My rating: 3 of 5 stars
A copy of this book was provided by the publisher for an honest review at Seductive Musings.
I TAKE YOU is the story of a woman whose life and happiness are in stasis, frozen from the time that her husband became paralyzed from the waist down after a terrible accident not long after they were married. Connie had married Cliff because she felt expected to marry exactly this sort of man (handsome, charming and incredibly rich) to order be successful in her own life. But Cliff cares more about making more money and manipulating Connie’s sexual submission than in actually making her feel loved or appreciated. Desperate for any sort of emotional connection in her marriage, Connie agrees to letting Cliff exploit her in ways that become increasingly destructive to her own sense of self. It’s only at the lowest point in her existence that Connie is able to find love in the arms of another man, and in the process, rediscover herself.
Although I haven’t read the previous two books in Nikki Gemmell’s Bride trilogy, none of the books are directly connected to each other so that didn’t affect my ability to enjoy reading I TAKE YOU. What did affect my enjoyment was the fact that this book is so very obviously the author’s version of D.H. Lawrence’s LADY CHATTERLEY’S LOVER, a book that may be a famous love story but is not necessarily known as a true romance with a happy ending.
Unlike Mellors the gamekeeper in LADY CHATTERLEY’S LOVER, Mel the gardener in I TAKE YOU is not encumbered with a wife whom he does not love, though as a divorced man, he still carries the bitterness of the failed relationship with him as he and Connie embark on their dangerous affair. But Lawrence’s Sir Clifford has suffered a complete character assassination here, as Gemmell twists him into the most evil of husbands, one who refuses to accept Connie in his life as anything other than yet another of his acquired possessions, and will stop at nothing to force his sexual will on her to satisfy his desires, while crushing any she might have had of her own. With Cliff as the unredeemable villain, we can’t help but cheer Connie on as she clings to Mel as her only salvation from a life she’s lived for everyone but herself, and any possible shades of gray in her actions are completely wiped out in the face of such a horrible alternative.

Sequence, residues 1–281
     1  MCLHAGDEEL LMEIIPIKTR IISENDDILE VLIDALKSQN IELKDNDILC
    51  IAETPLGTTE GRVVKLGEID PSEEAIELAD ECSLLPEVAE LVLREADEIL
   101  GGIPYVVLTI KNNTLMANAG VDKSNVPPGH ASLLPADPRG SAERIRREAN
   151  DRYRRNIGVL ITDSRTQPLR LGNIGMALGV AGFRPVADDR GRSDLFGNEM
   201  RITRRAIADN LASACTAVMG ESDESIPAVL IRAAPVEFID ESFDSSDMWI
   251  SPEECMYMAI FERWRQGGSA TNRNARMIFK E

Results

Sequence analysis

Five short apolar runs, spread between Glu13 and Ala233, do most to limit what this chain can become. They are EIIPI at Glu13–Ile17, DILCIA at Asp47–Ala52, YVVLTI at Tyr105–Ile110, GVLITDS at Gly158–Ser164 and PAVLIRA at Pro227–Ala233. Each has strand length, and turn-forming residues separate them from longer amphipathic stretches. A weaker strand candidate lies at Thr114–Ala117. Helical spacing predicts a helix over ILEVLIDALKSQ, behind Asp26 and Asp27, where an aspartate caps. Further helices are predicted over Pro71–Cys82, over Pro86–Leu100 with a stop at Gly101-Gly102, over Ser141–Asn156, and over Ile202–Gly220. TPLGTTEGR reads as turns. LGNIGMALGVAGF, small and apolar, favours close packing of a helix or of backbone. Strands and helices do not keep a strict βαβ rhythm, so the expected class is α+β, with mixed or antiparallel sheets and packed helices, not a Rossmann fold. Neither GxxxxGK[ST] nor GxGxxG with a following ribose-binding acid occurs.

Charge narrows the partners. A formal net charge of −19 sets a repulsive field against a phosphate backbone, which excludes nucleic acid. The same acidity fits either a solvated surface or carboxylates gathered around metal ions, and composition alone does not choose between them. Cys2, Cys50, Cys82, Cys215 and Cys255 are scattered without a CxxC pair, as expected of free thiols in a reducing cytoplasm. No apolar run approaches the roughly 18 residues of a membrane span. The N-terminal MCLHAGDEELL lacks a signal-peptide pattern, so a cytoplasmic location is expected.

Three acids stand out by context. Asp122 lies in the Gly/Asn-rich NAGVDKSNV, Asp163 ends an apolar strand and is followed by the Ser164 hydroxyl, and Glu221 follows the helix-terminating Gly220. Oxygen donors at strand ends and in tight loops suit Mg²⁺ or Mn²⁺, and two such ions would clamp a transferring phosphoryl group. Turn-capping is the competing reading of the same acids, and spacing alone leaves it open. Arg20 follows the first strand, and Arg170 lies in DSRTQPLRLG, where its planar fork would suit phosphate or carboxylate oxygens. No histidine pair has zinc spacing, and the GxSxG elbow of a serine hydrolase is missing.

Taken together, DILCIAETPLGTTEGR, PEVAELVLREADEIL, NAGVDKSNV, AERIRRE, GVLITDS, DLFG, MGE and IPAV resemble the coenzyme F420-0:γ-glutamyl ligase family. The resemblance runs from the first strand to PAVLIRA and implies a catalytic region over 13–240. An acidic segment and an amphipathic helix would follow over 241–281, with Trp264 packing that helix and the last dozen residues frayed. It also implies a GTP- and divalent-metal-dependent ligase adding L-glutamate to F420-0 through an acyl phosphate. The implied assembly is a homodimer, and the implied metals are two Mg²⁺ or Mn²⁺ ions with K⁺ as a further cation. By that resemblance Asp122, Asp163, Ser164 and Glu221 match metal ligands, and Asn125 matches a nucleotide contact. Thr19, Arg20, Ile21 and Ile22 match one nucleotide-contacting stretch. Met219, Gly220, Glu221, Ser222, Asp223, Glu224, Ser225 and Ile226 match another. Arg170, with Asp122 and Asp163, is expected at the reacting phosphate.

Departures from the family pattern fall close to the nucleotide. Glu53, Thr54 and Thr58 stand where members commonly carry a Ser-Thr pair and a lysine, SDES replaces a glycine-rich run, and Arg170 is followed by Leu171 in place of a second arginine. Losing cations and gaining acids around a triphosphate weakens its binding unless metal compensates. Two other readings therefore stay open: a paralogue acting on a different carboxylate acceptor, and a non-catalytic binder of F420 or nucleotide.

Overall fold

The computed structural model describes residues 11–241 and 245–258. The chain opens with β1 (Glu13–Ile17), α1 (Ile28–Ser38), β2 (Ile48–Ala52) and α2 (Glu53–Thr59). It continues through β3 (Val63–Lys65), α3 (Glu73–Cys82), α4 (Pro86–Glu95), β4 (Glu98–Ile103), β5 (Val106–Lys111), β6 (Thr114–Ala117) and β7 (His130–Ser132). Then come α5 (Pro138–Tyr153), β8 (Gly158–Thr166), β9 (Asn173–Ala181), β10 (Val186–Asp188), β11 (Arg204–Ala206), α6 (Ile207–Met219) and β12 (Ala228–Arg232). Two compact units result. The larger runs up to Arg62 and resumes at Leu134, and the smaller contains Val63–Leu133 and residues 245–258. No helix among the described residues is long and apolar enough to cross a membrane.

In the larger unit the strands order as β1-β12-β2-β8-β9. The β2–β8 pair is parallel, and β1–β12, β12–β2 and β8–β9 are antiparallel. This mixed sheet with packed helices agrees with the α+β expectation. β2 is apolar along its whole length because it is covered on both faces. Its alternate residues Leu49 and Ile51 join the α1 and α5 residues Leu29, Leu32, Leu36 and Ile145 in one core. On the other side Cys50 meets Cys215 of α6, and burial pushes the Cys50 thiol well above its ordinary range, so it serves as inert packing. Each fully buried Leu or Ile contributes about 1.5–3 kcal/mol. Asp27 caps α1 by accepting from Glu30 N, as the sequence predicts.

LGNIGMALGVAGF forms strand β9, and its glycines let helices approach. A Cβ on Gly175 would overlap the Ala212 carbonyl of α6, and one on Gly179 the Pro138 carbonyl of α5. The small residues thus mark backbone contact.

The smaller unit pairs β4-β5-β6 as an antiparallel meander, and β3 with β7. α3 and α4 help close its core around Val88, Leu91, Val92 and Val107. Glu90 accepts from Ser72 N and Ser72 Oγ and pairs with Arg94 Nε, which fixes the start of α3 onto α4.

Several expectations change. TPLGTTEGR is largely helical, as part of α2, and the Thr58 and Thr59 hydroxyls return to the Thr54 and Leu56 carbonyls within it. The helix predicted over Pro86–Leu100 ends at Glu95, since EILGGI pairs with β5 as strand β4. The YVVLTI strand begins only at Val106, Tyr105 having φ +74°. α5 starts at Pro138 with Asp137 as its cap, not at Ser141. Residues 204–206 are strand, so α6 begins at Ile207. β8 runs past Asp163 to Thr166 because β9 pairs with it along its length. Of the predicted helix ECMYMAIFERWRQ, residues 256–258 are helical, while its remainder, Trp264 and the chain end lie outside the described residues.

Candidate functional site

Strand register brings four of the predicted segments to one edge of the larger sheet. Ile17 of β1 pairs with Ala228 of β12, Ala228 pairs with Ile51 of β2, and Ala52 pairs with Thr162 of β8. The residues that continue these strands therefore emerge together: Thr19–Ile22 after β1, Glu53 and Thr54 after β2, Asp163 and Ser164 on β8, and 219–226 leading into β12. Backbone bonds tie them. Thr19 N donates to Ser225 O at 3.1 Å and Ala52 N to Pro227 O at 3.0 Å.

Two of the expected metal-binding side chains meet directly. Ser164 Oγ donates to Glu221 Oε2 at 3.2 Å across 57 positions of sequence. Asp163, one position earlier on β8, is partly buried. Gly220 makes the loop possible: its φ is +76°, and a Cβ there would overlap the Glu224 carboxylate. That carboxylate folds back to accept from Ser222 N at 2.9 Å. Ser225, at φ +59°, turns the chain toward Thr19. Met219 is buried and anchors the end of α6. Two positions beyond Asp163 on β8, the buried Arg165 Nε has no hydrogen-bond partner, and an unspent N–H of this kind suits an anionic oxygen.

I TAKE YOU’S opening scenes at the country mansion are first-rate erotica and easily the best part of the entire book. It was also good to see Connie and Mel get the happy ending that D.H. Lawrence had previously denied them. But D.H. Lawrence’s ghostly presence combined with Gemmell’s use of the third person present tense (‘The car is driven… Connie sits upright…The driver fumbles…’) made this a very difficult read for me overall. Still, it did prompt me to reread LADY CHATTERLEY’S LOVER, a book I would recommend more than this one.
Overall: 3 stars
Sensuality level: 4 (public exhibition including forced genital piercing, cuckold play, adultery)
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